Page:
Tech Insider

Friday, December 10, 2004

Google Suggest!

Google Suggest quietly debuted this week on the company's Labs site, which showcases Google features that "aren't quite ready for prime time," according to a message on the site. When someone starts typing a request into the search box, a drop-down menu appears with suggestions as to what that person could be looking for.

For instance, typing in "Mi" generates a list starting with "Microsoft" and continuing with "miniclip," "Michael Moore" and "miserable failure," among other suggestions.
Google uses "a wide range of information" to predict queries, according to an FAQ, including data about the overall popularity of various searches. The company does not use individual search histories to help generate the prompts, it says.

Google regularly launches new features in its Labs section, using it as a test bed before formally releasing them. The company recently launched a specialized search function that can scan for scholarly literature, and a desktop search feature allows users to scan their PCs using Google technology.

Google's competitors haven't stayed silent. Yahoo said Thursday that it plans to start testing a downloadable desktop search application in early January, and Microsoft has plans to launch a similar feature by the end of the year.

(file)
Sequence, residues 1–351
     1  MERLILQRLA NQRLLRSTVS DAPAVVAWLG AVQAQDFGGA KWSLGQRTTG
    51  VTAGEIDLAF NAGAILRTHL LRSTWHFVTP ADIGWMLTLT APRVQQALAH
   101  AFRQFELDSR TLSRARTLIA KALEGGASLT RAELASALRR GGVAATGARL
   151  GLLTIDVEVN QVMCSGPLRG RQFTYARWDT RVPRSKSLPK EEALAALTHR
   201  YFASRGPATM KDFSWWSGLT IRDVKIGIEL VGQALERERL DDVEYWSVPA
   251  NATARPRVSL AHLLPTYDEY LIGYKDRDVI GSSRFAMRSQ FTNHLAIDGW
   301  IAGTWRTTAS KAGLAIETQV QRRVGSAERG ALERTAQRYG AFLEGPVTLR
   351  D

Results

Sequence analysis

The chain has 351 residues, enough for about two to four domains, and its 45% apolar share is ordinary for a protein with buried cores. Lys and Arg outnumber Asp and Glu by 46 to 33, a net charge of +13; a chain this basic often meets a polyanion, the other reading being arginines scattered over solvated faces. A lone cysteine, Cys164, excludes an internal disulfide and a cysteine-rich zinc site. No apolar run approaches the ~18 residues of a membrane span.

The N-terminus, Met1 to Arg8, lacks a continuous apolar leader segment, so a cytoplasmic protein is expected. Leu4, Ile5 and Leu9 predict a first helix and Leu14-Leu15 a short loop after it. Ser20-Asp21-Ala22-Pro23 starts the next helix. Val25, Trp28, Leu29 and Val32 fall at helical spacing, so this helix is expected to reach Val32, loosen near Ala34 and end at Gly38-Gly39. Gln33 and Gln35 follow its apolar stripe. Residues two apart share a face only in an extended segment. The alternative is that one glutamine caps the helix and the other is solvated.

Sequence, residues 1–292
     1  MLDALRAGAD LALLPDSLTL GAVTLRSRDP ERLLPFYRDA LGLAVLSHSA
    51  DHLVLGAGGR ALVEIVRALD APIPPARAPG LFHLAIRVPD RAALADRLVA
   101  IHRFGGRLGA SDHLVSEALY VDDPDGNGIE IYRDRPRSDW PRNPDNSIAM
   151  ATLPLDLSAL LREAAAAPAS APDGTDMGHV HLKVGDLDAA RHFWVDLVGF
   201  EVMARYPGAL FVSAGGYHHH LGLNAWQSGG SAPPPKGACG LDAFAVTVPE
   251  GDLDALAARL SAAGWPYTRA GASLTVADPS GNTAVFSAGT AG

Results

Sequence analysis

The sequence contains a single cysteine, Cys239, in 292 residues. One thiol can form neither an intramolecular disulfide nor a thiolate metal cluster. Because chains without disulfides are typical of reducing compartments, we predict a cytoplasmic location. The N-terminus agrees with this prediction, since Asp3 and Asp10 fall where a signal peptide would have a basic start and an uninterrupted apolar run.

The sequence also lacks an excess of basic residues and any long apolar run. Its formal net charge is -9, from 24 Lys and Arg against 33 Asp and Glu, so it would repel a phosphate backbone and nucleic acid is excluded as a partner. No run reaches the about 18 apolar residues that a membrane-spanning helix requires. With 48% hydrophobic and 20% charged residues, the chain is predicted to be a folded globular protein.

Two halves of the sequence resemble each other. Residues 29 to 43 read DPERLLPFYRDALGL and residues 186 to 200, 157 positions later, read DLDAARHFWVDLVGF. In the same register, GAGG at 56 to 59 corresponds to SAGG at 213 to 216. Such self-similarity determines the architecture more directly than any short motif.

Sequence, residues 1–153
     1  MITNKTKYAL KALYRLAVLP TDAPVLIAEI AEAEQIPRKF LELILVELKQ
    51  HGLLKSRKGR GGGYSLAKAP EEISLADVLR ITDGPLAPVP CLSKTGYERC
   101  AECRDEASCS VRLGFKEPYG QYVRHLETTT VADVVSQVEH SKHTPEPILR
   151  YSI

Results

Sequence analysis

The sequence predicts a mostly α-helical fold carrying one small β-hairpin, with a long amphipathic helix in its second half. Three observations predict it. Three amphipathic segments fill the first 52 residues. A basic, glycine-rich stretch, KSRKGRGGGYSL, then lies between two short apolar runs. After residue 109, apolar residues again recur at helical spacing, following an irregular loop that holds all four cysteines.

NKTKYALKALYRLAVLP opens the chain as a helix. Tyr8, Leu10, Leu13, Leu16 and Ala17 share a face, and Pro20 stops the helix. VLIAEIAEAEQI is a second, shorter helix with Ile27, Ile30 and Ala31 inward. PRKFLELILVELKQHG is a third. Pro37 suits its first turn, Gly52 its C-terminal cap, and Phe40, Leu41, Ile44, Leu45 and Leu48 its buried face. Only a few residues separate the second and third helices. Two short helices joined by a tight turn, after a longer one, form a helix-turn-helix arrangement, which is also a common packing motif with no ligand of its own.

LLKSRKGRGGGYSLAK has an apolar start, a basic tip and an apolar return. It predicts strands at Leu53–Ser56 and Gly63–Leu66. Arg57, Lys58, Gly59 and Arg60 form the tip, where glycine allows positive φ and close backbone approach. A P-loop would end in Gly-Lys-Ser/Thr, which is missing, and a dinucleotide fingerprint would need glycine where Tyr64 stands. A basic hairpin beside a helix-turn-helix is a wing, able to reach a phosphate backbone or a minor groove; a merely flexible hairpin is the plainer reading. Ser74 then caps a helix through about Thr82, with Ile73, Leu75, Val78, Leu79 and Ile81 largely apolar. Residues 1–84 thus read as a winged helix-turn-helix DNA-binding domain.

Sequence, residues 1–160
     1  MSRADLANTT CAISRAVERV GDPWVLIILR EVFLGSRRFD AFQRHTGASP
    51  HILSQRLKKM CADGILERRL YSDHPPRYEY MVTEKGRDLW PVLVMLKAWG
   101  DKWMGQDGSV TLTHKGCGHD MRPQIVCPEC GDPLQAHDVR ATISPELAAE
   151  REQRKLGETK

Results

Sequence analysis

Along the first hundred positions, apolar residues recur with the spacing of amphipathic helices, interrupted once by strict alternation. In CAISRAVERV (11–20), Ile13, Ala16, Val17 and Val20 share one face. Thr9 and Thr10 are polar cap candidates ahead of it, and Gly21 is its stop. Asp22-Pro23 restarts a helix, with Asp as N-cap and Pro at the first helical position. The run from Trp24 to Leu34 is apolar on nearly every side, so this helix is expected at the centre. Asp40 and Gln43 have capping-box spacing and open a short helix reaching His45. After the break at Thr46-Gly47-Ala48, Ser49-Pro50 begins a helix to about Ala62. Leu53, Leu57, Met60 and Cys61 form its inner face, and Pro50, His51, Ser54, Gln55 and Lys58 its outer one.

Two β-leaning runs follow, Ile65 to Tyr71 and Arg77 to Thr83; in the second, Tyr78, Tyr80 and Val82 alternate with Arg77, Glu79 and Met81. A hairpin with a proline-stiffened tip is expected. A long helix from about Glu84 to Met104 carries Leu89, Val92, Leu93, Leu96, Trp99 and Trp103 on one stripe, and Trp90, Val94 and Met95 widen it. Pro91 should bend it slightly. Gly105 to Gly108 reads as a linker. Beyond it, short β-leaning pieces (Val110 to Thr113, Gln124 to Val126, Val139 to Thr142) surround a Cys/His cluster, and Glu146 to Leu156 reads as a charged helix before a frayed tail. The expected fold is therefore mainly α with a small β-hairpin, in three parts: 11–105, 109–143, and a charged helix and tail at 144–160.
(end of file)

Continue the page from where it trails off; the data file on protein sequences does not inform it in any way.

Source: News.com

More Desktop Searching Apps

Yahoo Inc. said on Thursday it will begin testing a free desktop search service in early January, following rivals hoping to extend the reach of wildly profitable search-related advertising.

Desktop search, which helps excavate information buried on computer hard drives, is seen as the next frontier in the booming search sector that has generated billions in revenues from ads generated by Web search queries.

Yahoo's product will use licensed technology from Pasadena, California-based X1 Technologies Inc. to help users search e-mail and a variety of files -- from photos and music to PDF-format documents -- on their hard drives.

Those search capabilities also will be integrated with Yahoo's own Web search technology, said Jeff Weiner, senior vice president of Yahoo's search and marketplace business.

Sunnyvale, California-based Yahoo expects to roll out rapid updates to its desktop service, which will eventually allow users to search even more of the Web -- including content from Yahoo chat groups, address book and instant messaging archives.

Web search leader Google Inc., Yahoo's biggest rival, launched its test desktop search service in October.

Software giant Microsoft Corp., whose Windows operating system runs on more than 90 percent of the world's personal computers, bought a desktop search business in July and has said it will launch its own desktop search engine by year-end.
Ask Jeeves Inc. bought desktop search company Tukaroo Inc. in June and also has said it will launch sometime this month.

Desktop search products are expected from AOL and Apple Computer Inc., too.
Yahoo, Google, Ask Jeeves and Microsoft's MSN Internet division each rely on Web-search advertising to drive profits.

Source: Reuters.